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15 buildings damaged after peaceful vigil in Phoenix killing

phoenix police headquarters AP
Several broken windows are boarded up at Phoenix Police Headquarters Friday, May 29, in Phoenix, after being broken during a demonstration protesting the death of George Floyd, a handcuffed black man who died in police custody with much of the arrest captured on video of a Minneapolis police officer kneeling on the neck of Floyd. (AP Photo/Ross D. Franklin)

A peaceful vigil for a black man fatally shot in Phoenix by an Arizona state trooper was followed by protesters causing extensive property damage to more than a dozen buildings in the second night of disturbances related to the killing of George Floyd in Minneapolis.

Among the 15 downtown buildings damaged Friday night were federal and municipal courthouses that had at least 20 windows broken and police headquarters, which had two glass front-door windows and two upper-story windows broken, police said Saturday.

City Hall, two theaters and two banks were among other buildings damaged across the heart of downtown, and protesters broke windows and slashed tires of seven police SUVs and attempted to set one vehicle on fire, police said.

Mayor Kate Gallego, the police chief and community leaders said protests are appropriate but that acts of violence and property damage committed by a few were unacceptable and in fact damaging to protesters’ concerns.

“We will not stand for this violence and destruction,” Gallego said during a news conference. “This is our city, we love this city. We have to work together ...”

Some of the protesters had marched to downtown after attending the vigil held about a mile away for Dion Johnson, who was fatally shot during an encounter with a trooper along a freeway.

As they did Thursday night, Phoenix police Friday night declared an unlawful assembly, an action that ordered people to leave the downtown area where demonstrators had gathered near police headquarters.ADVERTISEMENT

Two people were arrested Friday night, police said. Eight people were arrested in the Thursday night disturbance.

Floyd is the black man who was being held in handcuffs in Minneapolis when a police officer pressed his knee into his neck for several minutes even after Floyd stopped moving and pleading for air. He died Monday. Protests have erupted in U.S. cities in the days since.

Saturday morning in Phoenix, cleanup crews swept up broken glass in front of boarded-up doors and windows as one worker used a power-washer to remove spray-painted messages on a building.

The Rev. Jarrett Maupin, an organizer of the Thursday night protest that preceded the property damage and encounters with police, said another protest was planned Saturday night in downtown Phoenix.

Phoenix “had a riot” Friday night, Maupin told The Associated Press on Saturday. “We’re trying to refocus people on nonviolence. Tonight is more of a teach-in and a reach-out,” he said.

Police Chief Jeri Williams said Phoenix was asking other law enforcement agencies to provide officers and equipment to bulk up the police presence and that police would be more proactive in moving to disperse an unlawful assembly.

“What we tolerated last night will not be tolerated today,” Williams said. “Officers will and must take action to protect the safety of all involved.”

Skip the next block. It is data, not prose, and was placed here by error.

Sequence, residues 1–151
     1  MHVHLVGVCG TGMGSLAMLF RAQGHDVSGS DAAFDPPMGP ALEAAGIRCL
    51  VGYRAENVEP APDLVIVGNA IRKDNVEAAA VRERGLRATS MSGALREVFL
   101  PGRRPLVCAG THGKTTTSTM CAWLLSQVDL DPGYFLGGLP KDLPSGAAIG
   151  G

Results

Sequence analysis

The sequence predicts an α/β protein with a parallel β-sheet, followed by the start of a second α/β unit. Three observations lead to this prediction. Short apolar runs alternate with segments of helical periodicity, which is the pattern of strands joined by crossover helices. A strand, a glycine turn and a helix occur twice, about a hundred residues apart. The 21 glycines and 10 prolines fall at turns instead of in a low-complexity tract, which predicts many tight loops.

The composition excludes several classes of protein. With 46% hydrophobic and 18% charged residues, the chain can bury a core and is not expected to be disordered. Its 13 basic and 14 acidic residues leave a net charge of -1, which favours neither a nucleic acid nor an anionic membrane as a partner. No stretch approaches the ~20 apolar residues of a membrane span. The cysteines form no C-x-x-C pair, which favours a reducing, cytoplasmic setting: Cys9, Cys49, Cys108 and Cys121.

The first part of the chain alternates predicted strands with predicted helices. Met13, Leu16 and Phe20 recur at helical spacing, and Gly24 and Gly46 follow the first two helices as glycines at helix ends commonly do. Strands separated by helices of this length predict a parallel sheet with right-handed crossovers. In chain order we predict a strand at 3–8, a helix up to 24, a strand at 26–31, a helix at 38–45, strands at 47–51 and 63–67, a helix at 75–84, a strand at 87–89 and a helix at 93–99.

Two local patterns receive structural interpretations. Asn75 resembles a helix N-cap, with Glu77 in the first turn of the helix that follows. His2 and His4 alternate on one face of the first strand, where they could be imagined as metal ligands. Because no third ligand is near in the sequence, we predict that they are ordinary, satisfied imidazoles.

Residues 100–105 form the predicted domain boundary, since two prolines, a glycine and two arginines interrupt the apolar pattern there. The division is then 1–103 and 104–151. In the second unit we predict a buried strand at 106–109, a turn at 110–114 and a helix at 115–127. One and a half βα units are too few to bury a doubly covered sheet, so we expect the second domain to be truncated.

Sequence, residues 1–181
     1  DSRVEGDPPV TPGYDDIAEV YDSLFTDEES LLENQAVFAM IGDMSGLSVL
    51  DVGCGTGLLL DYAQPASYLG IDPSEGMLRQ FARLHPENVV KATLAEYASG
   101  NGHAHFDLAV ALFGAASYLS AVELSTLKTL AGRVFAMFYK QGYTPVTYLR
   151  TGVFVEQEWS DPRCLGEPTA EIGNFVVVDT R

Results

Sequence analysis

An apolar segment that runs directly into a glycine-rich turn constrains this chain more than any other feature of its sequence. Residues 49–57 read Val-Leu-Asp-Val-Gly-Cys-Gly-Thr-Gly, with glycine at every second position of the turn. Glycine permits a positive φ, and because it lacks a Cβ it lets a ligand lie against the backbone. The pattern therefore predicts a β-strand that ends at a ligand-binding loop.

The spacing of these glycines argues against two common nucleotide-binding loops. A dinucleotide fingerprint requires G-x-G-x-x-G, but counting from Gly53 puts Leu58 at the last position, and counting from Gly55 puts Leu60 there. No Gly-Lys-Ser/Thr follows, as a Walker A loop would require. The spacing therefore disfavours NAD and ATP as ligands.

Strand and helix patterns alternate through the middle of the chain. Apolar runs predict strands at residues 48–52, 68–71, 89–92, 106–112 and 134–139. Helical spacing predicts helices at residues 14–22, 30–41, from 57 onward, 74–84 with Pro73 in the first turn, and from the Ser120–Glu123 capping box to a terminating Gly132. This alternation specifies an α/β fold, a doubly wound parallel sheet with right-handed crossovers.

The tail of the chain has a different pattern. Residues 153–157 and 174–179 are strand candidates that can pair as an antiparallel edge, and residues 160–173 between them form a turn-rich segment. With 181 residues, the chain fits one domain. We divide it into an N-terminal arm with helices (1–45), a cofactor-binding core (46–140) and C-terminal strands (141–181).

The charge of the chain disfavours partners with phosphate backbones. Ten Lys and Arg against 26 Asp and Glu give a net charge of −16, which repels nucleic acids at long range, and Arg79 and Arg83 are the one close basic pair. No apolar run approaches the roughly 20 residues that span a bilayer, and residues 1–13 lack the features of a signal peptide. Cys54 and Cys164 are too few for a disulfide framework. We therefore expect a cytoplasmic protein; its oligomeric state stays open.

Gov. Doug Ducey said in a statement that he and the state Department of Public Safety director were offering support to and coordinating with city officials.

“In the state of Arizona, we will always respect the First Amendment rights of citizens to peacefully assemble and make their voices heard. We will not, however, tolerate rioting, looting, violence, destruction of property or any behavior that endangers the safety or rights of other individuals,”″ Ducey said in the statement, which did not mention the deaths of Floyd or Johnson.

Gallego said Ducey and the Arizona National Guard were supporting the city. But Maj. Aaron Thacker, a National Guard spokesman, said no Guard soldiers have been activated because of the protests and that the mayor’s comments likely referred to discussions of possible logistical support by the Guard.

Phoenix police are investigating the fatal shooting of Johnson.

The shooting occurred at about 5:30 a.m. Monday during a struggle after the officer spotted Johnson’s parked vehicle partially blocking traffic and found Johnson passed out in the driver’s seat, police said.

According to a police statement, a handgun was found at the scene, and the trooper was not wearing a camera. His identity has not been released.

Johnson’s mother, Erma, told the Arizona Republic that her son never would have engaged in a struggle with police, and she questioned the police account. “It’s a lot of things that I want to know that happened to my son in the last minutes of his life,” she said.

Hundreds of people, some wearing masks because of the pandemic, participated in the vigil at Eastlake Park east of downtown.

Williams on Friday night apologized for an earlier statement in which the director of the department’s Public Affairs Bureau said news media personnel would be subject to arrest along with other members of the public who refuse to disperse in an area declared an unlawful assembly.

Williams’ statement said the department “fully supports the free press and Journalists’ right to report the news. In no way do we intend to curtail your right to collect and report the news. We value our relationship with the media.”


Dion Johnson’s last name has been corrected in two references in this story.ADVERTISEMENTTrending on AP NewsPolice clash with protesters in major California citiesCrowd protests white mayor's words about black man's deathFalse news swirls around Minneapolis officer in fatal arrestby TaboolaADVERTISEMENT

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